Before you open your doors, you will need to register your business, your business name and business entity. Check out the online start-up guide to get a tailored guide on how to formally register your business with the City, County, State and Federal Government and get set up to pay business, sales and payroll taxes.

Get your Building Ready to Go


If the business that was at your location before was not a retail store (for instance, if the prior business was a restaurant or office), then you will need to file for a change of use permit. A change of use permit ensures that your property meets the city requirements for your business type. For instance, a retail store may require more parking spaces than an office does, and you would need to demonstrate that you could provide the additional required parking spaces to obtain the change of use permit.

Building permits are required for electrical, plumbing and structural changes to a building, including additions, alterations, construction and demolition. To obtain a building permit, you will need to file building plans, have them approved and schedule an inspection to verify the work after it has been completed. Depending on the scale of the project, there are different “plan check” options for the Department of Building and Safety to review your building plans – ranging from an online application and automatic approval for simple projects to an extended review of architectural and structural drawings for large, complex projects.

When you apply for your building permits, the Department of Building and Safety will provide you with a “clearance summary worksheet” that lets you know what additional approvals are required. This may include the Los Angeles Fire Department, the County Department of Health and other Departments as applicable.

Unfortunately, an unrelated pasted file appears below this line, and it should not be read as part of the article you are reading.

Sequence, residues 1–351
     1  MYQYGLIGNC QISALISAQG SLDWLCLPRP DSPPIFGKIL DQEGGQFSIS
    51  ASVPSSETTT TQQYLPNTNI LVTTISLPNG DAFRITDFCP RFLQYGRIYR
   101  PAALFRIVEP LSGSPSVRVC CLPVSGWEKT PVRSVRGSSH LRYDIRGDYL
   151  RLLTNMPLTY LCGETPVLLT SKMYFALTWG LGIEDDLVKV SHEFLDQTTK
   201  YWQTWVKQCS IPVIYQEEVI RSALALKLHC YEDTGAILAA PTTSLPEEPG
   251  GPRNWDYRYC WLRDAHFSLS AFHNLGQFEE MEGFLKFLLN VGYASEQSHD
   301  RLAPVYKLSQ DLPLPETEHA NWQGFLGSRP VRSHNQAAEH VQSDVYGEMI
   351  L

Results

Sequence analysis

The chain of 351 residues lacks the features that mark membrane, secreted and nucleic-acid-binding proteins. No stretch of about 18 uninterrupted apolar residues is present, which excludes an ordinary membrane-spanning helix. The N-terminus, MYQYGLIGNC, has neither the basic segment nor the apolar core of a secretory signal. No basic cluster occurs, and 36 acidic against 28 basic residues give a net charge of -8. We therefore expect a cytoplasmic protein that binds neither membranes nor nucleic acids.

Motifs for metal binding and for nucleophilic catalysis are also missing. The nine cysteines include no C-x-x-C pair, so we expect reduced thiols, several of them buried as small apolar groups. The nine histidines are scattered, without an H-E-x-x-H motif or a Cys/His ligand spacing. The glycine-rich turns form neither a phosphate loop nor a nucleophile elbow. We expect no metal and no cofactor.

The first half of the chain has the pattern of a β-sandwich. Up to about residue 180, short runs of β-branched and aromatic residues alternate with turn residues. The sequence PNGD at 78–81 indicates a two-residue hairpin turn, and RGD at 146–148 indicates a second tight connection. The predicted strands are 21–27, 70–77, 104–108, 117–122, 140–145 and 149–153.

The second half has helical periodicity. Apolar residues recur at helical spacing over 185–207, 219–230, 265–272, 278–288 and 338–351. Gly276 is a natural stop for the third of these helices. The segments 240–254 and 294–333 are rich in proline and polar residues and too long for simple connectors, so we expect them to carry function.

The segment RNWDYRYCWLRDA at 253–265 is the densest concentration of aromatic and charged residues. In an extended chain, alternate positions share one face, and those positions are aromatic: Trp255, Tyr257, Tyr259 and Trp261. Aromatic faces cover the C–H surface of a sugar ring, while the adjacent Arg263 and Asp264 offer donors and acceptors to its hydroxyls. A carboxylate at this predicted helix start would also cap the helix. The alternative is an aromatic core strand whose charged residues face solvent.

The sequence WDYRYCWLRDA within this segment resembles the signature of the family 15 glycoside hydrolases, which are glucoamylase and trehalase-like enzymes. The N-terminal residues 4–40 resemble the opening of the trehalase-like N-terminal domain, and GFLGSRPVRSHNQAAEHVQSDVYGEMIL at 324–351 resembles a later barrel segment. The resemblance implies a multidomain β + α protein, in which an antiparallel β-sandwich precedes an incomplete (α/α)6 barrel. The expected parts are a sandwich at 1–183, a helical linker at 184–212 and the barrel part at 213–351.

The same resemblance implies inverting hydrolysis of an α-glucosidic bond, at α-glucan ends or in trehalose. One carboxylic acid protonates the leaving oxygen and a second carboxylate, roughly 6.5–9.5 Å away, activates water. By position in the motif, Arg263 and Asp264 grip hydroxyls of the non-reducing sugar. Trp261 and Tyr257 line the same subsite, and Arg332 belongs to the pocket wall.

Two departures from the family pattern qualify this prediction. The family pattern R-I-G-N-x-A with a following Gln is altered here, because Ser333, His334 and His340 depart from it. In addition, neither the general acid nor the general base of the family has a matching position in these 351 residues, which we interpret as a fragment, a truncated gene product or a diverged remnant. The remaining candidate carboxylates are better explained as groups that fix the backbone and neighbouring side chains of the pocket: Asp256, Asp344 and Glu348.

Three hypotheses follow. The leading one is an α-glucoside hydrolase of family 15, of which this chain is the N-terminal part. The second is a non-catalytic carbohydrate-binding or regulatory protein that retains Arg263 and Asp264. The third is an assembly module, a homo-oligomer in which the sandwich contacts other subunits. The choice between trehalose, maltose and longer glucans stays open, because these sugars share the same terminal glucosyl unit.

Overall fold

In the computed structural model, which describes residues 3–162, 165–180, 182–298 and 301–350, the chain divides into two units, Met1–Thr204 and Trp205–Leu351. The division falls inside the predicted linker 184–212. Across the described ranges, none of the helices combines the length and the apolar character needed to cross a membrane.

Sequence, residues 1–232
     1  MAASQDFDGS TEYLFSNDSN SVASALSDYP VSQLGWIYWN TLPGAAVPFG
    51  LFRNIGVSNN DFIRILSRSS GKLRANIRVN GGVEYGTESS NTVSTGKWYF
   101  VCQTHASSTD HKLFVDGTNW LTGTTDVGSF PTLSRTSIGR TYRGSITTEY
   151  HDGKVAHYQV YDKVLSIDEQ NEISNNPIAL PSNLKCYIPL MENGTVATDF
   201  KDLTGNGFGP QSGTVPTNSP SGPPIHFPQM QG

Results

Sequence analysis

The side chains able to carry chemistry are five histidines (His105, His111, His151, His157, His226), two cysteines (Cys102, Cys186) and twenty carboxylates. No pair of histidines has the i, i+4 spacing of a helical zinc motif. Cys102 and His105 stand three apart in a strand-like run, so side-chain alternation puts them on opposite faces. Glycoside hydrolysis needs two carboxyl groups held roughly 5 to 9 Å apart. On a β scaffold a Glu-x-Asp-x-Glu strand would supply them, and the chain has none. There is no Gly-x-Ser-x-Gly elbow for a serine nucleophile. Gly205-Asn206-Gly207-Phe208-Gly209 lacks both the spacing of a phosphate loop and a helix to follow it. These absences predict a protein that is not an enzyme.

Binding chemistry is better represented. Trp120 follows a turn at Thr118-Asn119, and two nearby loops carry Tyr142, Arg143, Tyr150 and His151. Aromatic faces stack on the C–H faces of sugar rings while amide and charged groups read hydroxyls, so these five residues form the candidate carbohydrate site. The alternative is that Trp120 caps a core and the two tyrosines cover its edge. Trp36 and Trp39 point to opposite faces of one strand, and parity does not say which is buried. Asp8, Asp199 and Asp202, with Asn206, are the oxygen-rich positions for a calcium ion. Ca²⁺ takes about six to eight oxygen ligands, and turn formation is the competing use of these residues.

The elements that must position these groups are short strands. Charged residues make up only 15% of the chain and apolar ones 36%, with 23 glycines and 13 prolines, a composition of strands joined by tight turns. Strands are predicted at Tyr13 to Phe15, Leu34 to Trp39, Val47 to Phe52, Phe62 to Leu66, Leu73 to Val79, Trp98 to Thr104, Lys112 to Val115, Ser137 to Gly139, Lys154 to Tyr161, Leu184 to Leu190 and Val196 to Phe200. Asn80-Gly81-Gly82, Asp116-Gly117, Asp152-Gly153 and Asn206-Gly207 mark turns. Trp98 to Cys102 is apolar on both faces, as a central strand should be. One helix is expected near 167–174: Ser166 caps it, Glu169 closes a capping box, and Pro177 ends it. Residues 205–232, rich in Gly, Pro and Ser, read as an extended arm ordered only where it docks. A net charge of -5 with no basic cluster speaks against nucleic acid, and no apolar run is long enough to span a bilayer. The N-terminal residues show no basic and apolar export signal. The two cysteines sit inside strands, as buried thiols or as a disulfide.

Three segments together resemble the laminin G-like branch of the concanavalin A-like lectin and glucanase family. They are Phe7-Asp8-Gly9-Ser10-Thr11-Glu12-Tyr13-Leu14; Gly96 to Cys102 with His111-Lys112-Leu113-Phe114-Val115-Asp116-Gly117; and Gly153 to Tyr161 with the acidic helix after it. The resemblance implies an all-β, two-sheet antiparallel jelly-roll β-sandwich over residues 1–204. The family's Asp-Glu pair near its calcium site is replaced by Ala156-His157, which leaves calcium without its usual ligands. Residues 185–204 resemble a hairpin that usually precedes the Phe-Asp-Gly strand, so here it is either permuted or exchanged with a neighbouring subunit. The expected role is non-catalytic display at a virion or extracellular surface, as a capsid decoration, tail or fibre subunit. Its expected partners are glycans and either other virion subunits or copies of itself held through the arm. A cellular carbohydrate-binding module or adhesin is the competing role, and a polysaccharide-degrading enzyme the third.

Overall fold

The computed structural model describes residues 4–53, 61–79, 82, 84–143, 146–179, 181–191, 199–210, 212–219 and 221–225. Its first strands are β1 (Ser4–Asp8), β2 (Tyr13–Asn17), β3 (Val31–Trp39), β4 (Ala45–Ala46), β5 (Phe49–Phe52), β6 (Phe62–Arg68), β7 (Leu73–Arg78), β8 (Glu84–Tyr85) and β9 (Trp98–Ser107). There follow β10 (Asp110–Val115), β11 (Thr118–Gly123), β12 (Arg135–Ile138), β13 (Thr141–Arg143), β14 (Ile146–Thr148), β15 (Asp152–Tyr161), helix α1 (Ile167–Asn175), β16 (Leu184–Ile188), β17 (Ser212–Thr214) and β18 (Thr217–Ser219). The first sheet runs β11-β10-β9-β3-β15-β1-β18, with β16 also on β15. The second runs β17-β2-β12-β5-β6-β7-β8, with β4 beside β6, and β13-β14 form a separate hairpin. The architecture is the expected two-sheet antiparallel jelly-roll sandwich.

If you’ve received a land use or building permit from the City, make sure to follow up with the Development Services Center after any work is completed and schedule an inspection to make sure the work meets the required standards.

You may need to schedule a few inspections if there are various phases of work that you are completing. Typically, you need to have an inspection before you "conceal and cover" any work that has been done. For your convenience, inspections can be scheduled online on the LADBS website

Selling Specific Types of Goods

Depending on the goods or products that you plan to sell, there may be additional items that you need to look out for. While this is not a comprehensive list, a few examples include:


If you plan to sell food products, you will need to work with the County of Los Angeles Department of Public Health to complete a Retail Plan Check.

If you plan to sell or serve alcohol, you will need to work with the City of Los Angeles Department of City Planning to obtain a Conditional Use Permit, in addition to the State of California Department of Alcohol and Beverage Control.

If you plan to sell items online, learn about the sales tax regulations that apply to internet sales.

Bring on Staff

Review the Hiring Section for information on additional employment guidelines, including Minimum Wage and Workers' Compensation requirements.

Additional Resources

If you prefer a personal touch to getting your business of the ground, check out the Resources Section of the Business Portal. You can find organizations that might be helpful to you along the way, or visit one of the City's nine BusinessSource Centers for dedicated, free technical assistance.